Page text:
Tourism returns, but it is not a vacation for those who work there

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Even spending by domestic tourists – 64% of industry turnover before COVID – fell by a quarter in the first 10 months of 2021 compared to 2019, according to data from Tourism Research Australia. Sydney and Melbourne took the hardest hit, with domestic tourist dollars falling 57% and 68% respectively.

The Omicron variant has not only denied tourism operators the summer revival they have been desperately waiting for, but has also shaken optimism about how quickly the 9 million overseas tourists who had visited Australia each year will return.

“It’s going to be harder to push people off the couch,” says Adele Labine-Romain, senior tourism partner at consultancy Deloitte.

Melbourne suffered the biggest decline in domestic tourism in 2021, with spending down 68%. Credit:Eddie Jim

Labine-Romain predicted in November last year that foreign tourists could reach 7 million in 2022, but she now says it will likely be between 3 and 4.5 million.

Omicron has also finally shattered many Australians’ desire to travel again, with no sign of the pent-up demand that was unleashed following lockdowns earlier in the pandemic.

“In 2020 and 2021, each time [lockdown] the people being lifted up would be like chickens coming out of the coop – people were really excited,” she says. “There is a really significant proportion of our population who are waiting a little longer before venturing out again.”

John O’Sullivan, chief executive of Tourism Australia from 2014 to 2019 and now CEO of tour operator Experience Co., which offers boating, diving, skydiving and walking tours across Australia and New Zealand, said said the news from the border is welcome but will not mark an “opening of the floodgates”.

Jobs in tourism made up around 5% of Australia's pre-COVID workforce, more than double that of mining.

Jobs in tourism made up around 5% of Australia’s pre-COVID workforce, more than double that of mining.Credit:Queensland Tourism and Events

“We know there is pent-up demand, Australia is still leading for many travel markets,” he says. “But…we’re still looking to 2024 to find out when it will return. [to pre-COVID levels].”

The industry’s biggest short-term problem, O’Sullivan says, is staffing shortages, with many of his company’s foreign divemasters, tandem skydiving masters and boat captains returning home overseas. when the pandemic hit.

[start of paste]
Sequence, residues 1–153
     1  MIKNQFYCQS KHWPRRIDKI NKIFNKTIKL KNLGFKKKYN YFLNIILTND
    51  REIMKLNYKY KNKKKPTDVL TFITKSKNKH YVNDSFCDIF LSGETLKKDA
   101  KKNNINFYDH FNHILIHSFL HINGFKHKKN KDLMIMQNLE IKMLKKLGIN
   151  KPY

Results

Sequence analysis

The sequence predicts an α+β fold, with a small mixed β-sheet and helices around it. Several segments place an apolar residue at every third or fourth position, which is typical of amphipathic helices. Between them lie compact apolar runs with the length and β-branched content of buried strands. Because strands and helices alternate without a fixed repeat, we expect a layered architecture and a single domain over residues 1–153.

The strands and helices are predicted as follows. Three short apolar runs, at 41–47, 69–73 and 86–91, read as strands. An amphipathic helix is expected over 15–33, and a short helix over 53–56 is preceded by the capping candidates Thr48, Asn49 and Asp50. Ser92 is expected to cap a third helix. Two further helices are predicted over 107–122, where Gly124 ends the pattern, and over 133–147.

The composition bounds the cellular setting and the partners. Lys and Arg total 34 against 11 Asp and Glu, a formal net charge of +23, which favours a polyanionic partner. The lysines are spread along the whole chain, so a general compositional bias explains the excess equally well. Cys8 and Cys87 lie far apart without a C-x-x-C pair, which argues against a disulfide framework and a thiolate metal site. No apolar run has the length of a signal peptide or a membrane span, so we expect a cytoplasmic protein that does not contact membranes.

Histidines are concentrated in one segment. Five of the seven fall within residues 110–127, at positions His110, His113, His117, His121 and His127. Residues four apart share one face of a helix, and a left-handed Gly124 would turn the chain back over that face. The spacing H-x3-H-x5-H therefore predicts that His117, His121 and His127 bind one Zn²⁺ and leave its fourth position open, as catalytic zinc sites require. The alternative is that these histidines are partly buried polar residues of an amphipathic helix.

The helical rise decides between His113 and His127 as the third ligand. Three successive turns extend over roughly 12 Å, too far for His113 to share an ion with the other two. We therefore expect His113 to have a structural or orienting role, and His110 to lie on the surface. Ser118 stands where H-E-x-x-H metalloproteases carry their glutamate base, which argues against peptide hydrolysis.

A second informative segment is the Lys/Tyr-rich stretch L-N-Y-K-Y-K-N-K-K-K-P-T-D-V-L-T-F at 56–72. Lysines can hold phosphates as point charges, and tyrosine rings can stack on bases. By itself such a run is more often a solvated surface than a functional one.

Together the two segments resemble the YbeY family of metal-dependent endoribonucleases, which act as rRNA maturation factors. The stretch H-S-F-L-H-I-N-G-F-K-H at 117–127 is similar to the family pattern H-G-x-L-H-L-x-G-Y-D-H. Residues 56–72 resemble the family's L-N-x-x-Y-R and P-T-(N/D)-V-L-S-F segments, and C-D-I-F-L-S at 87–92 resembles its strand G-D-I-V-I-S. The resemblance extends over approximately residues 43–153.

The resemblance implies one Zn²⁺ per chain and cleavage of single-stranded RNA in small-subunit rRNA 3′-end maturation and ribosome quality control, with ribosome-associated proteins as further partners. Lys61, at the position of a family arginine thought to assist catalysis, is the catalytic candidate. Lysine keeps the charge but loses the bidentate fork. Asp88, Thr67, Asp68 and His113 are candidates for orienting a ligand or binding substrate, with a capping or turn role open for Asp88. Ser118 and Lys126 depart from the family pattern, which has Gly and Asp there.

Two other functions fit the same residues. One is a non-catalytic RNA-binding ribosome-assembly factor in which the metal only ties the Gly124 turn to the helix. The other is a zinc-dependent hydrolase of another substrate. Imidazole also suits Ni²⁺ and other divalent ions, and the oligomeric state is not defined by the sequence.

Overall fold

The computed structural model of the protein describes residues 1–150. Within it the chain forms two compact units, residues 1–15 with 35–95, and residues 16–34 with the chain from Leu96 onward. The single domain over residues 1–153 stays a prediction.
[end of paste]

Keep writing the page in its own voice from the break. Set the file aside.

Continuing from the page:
O’Sullivan only has enough staff to run Great Barrier Reef boat tours five days a week, though he says working holiday visa holders should fill positions when they open of the border.

“One of the strategic challenges now that we’re coming out of it…is how do we get this next generation of workers to say, I want to work in these industries, I see this as a viable career,” he says.

“A lot of people think of tourism as something you do in college, [but] if you go to places like Switzerland or North America, tourism and hospitality are considered long-term careers. ”

O’Sullivan says Australia needs to send a consistent message to the world about travel rules here, with federal and state governments already at odds over whether visitors need two or three knocks.

And the country will have to compete with other destinations to attract visitors, he says, suggesting funding for Tourism Australia should be increased from around $200 million a year to $250 or $300 million to spur a post-COVID revival.

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“Every country comes out of this situation and says, ‘How can we make our economy work? Let’s bring in some visitors, but then you have to fight for it,” he says.

Trade, Tourism and Investment Minister Dan Tehan said in a statement that Tourism Australia would launch marketing campaigns ahead of the border reopening to “attract as many tourists as possible”.

Karl Flowers, a tourism and aviation economist who runs Decisive Consulting, says many tourism businesses are currently going through the most difficult period of the pandemic, facing rising labor costs, training new employees and labor. hardware while revenues remain severely depressed.

“The first two-thirds of the pandemic was about loss of demand, and the last third is about loss of demand and increased costs,” he says. “It’s a double whammy.”

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Flowers says the country’s handling of the pandemic should reinforce the perception that it is a safe vacation spot, while Australians learning to love their backyards during the border closure will boost volumes of domestic travel in the future. “But like I said, the big issue right now is survival… [and] we’re still not off the hook when it comes to new variants,” he says.

How quickly foreign tourists return will depend on the availability of affordable airfares, according to Morgan Kelly, KPMG’s lead global partner for hospitality, leisure and tourism restructuring.

Airline capacity remains low and the rise of video conferencing will permanently reduce the number of business travellers, whose business class fares subsidize cheaper economy seats.

“If you’re a tourist wanting to come to Australia, it’s probably going to be more expensive,” Kelly says. “There is confusion about border controls… and finally, when we do [get here], operators have their own difficulties in finding staff. ”

Question marks also hang over the return of the cruise ship industry and how the soured Sino-Australian relationship will affect Chinese tourism, which had one in eight visitors before the pandemic.

Still, Aunt Margret Campbell “never felt more optimistic”.

“I never lost hope or inspiration even during COVID,” she says. “I cling to this [Indigenous] knowing and being able to be a keeper and share it are the things that keep us focused and inspired.

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